U.S. Rep. French Hill, R-Little Rock, said there are specific areas of the southern border that should have new wall construction, while Democratic Party of Arkansas Chairman Michael John Gray said a wall may be needed, but it should have doors in it.
Both men appeared on this week’s edition of Talk Business & Politics in interviews conducted before Friday afternoon’s agreement to re-open the government. On Friday (Jan. 25), President Donald Trump delayed his month-long insistence for $5.7 billion in border wall funding and agreed to a spending bill that would end the federal government shutdown.
Hill said that despite Trump seemingly undoing an agreed upon spending package before Christmas, it was important for Republicans and Democrats in Congress and the president to negotiate “in good faith.”
“I do think there needs to be good faith on both sides. We need Nancy Pelosi and Donald Trump both negotiating in good faith. They both have to trust in a process that leads to an outcome,” Hill said.
“I think members in both the House and Senate desperately want their leaders to come together and reason together and come up with an appropriate middle ground,” he added.
Gray said the impasse that penalized federal workers for 35 days was politics at its worse. He also criticized the president and some Republicans for making border security “a wedge issue.”
“Border security has been a question for as long as we’ve existed and it has not been strictly a Republican issue. We’ve had Democratic presidents say we needed to address border security. We’ve seen clips come out during the shutdown where there were Democratic leaders that said build a wall. And it’s just become, they’re playing to a wedge issue,” Gray said.
“The president is using border security, but what he’s really saying is I’m playing to your fears and racism and uneducated assumptions about what’s really going on down there and I know this is a wedge issue that works in the five-minute conversation at every coffee shop in America,” he added.
“I’m going to take the human face off of it and make it what it is. We saw during the campaign season, especially here in Little Rock in the Second District where we saw mailers that were MS-13 and things like that. It’s not a true question about border security. It’s more playing to the base and the fears and using a wedge issue and that’s campaign stuff. It’s not governing stuff,” Gray said in reference to last year’s heated campaign between Hill and Democratic challenger Clarke Tucker.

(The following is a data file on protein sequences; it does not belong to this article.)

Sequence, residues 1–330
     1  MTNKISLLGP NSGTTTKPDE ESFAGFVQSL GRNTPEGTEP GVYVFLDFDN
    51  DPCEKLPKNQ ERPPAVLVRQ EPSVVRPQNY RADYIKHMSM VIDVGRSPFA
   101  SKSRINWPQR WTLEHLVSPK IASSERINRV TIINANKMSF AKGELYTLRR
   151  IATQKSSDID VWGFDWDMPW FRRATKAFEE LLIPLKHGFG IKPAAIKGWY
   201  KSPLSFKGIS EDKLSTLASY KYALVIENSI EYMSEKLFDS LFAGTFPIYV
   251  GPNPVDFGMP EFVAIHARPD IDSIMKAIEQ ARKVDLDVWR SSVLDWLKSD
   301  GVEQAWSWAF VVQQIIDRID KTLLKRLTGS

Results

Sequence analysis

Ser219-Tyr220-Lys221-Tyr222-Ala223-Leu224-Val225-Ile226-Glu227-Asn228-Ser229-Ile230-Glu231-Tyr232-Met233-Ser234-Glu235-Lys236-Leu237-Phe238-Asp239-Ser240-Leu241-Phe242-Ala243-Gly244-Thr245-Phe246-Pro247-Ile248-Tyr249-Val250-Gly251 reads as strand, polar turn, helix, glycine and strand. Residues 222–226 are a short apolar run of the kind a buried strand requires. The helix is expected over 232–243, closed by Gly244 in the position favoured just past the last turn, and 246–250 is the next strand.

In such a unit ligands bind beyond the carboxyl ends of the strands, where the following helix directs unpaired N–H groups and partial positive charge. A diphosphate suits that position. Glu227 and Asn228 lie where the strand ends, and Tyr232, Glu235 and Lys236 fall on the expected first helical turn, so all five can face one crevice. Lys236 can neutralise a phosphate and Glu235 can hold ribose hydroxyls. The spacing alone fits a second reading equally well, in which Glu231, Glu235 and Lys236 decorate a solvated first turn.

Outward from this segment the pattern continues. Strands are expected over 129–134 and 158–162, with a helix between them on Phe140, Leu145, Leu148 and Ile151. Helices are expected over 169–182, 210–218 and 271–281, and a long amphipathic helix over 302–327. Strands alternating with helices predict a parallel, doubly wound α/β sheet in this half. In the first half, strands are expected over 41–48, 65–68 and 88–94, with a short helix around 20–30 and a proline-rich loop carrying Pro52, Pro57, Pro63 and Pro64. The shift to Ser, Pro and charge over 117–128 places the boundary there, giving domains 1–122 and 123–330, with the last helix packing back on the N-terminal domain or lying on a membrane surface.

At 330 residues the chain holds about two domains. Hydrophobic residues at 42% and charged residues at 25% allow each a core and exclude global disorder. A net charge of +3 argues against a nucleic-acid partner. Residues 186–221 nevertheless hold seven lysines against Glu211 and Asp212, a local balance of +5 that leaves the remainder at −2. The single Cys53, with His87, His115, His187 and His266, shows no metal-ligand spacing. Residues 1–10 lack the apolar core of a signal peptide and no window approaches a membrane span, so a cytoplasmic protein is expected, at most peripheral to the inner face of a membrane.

Both men said that building a wall or fence could be part of the solution. Hill, who has visited the southern U.S. border four times said Homeland Security officials need to repair older sections of the wall and have identified new areas where a wall would help.
“The Homeland Security Department’s recommended about 200 miles of additional fencing and when we say fencing, it’s a double fence with a parallel road system with lighting, with infrared technology for recognition at night vision and all the bells and whistles technologically with it. And those would be probably in south Texas where there’s very limited fencing in certain of the municipal areas and certain open areas in south Texas. People are not proposing obviously this kind of technology in the rugged canyon country of Big Bend,” Hill said.
Gray says that average Arkansans he talks to want a border wall, but have their minds opened when conditions for migrants and the process is explained. He contends that a wall may make sense, but other immigration fixes will have more impact.
“Build a wall where you need the wall. Put some doors in it. Spend some money down there to staff the problem. It shouldn’t take seven years or you shouldn’t have to have a doctorate to be able to get to America if you want to come work and provide a better life for your family. So go staff it so where someone can get here easier, legally if they want to,” Gray said.
“By the way, go put a strict penalty on employers that are employing undocumented workers because they are benefiting from this problem. But those are campaign donors. Those are influencers,” he said. “Maybe there are places where we need to build a wall, but we’ve got to put some doors in it. We’ve got to get a clear path to citizenship and fix this thing and we’ve got to penalize bad actors. That’s what we need out of Washington. We need solutions. No more of this blame it on the other.”
You can watch Hill’s and Gray’s interviews in the video below.